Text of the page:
Academic journal article
By Lodewyk, Ken R.
Research Quarterly for Exercise and Sport , Vol. 78, No. 1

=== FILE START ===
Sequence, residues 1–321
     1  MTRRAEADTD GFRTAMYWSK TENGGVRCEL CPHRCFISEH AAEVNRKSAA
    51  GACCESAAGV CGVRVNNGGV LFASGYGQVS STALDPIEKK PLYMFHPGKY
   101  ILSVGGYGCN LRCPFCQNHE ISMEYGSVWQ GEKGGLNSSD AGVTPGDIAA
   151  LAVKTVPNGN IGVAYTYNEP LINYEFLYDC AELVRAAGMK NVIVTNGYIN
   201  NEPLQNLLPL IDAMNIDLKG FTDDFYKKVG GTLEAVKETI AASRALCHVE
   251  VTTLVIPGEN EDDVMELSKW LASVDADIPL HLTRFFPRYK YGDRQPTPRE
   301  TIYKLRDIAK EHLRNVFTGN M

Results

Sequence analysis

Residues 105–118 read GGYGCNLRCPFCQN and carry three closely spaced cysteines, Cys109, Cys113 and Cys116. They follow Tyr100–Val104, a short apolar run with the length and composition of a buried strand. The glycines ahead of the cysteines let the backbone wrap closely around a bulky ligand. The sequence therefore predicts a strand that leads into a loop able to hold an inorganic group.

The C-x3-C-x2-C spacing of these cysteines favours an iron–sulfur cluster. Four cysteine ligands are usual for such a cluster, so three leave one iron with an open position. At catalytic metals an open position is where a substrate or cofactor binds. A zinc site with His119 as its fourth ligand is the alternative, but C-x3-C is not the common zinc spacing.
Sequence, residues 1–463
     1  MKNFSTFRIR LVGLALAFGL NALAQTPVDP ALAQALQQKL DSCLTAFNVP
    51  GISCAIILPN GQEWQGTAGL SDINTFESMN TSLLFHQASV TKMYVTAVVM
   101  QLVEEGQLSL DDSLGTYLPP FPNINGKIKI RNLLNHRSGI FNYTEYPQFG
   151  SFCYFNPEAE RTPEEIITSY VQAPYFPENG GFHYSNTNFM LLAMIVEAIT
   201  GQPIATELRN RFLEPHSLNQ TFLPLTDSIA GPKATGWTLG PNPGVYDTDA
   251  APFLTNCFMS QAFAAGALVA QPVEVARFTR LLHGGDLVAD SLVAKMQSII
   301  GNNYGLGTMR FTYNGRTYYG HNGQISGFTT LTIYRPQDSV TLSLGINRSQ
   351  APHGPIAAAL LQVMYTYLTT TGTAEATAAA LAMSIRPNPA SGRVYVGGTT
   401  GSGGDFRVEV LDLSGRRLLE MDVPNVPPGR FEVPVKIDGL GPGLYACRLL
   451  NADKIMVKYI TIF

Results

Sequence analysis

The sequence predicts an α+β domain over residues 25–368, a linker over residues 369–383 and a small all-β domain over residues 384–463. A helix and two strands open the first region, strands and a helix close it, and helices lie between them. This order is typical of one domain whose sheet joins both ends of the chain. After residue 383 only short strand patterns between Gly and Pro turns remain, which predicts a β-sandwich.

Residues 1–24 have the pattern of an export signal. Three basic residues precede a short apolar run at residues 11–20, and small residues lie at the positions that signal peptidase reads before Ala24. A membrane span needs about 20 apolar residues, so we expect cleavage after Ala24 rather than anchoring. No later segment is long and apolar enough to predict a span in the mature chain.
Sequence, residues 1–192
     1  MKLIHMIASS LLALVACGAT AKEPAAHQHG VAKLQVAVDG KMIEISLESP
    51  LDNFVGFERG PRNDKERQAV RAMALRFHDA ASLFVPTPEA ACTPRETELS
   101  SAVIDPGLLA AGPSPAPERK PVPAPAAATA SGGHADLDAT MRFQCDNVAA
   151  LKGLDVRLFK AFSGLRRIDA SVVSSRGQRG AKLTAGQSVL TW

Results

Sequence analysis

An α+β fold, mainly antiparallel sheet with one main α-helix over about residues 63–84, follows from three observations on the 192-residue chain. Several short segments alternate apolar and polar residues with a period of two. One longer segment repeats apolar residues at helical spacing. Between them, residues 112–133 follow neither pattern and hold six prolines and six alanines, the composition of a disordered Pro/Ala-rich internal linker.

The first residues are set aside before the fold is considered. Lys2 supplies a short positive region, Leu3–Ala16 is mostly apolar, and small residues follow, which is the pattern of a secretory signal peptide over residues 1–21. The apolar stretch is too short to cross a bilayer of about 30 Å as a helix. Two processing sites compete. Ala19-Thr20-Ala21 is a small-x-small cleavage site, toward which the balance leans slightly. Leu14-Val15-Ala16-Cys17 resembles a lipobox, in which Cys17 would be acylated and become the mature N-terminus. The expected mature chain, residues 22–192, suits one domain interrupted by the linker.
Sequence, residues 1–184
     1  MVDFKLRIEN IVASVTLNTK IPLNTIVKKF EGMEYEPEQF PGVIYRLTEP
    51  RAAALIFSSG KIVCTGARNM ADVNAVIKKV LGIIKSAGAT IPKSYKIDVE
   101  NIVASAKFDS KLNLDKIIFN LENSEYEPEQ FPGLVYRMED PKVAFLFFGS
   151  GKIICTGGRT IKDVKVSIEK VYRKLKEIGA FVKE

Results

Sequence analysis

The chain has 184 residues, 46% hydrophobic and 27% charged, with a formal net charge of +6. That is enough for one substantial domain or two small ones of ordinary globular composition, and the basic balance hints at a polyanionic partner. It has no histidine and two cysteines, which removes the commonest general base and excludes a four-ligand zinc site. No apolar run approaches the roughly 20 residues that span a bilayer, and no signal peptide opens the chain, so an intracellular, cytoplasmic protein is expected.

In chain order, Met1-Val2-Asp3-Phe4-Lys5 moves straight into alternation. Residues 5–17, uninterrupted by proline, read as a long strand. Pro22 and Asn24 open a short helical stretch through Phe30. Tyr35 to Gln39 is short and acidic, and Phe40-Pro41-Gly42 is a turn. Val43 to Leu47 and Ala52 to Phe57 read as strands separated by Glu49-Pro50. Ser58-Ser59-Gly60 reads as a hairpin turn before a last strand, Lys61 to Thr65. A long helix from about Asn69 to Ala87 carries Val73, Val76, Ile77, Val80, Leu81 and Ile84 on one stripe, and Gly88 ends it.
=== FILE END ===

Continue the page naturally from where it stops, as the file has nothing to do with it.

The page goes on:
While the critical role of knowledge in motor (e.g., Allard, 1993) and physical education (PE; e.g., Hare & Graber, 2000) performance is well documented, insight is scant into the role that students' theories about what knowing is and how they come to know (Hofer & Pintrich, 1997) influence their achievement in PE. Links exist between such beliefs--that knowledge is simple (versus integrated) and certain (versus changing), that ability is fixed (rather than acquired), and that learning is quick not gradual--and performance in numerous academic domains. Related constructs studied in PE include misconceptions (Dodds et al., 2001) and having either fixed or incremental ability conceptions (e.g., Biddle et al., 2003). Calls for more domain-specific studies into relations between students' achievement and domain-specific beliefs about knowledge and learning (BKL) and ability conceptions form much of the rationale for this study. The descriptive study involves 315 ninth and tenth grade students in PE from schools in southwestern Ontario, Canada who reported their grade in PE and completed the Conceptions of the Nature of Athletic Ability II (CNAAQII revised for PE) Questionnaire (Biddle et al., 2003) and the 21-item (Likert-type scale) BKL in PE Questionnaire (BKLPEQ) developed by the author using items with high factor loadings reported in previous educational research (e. …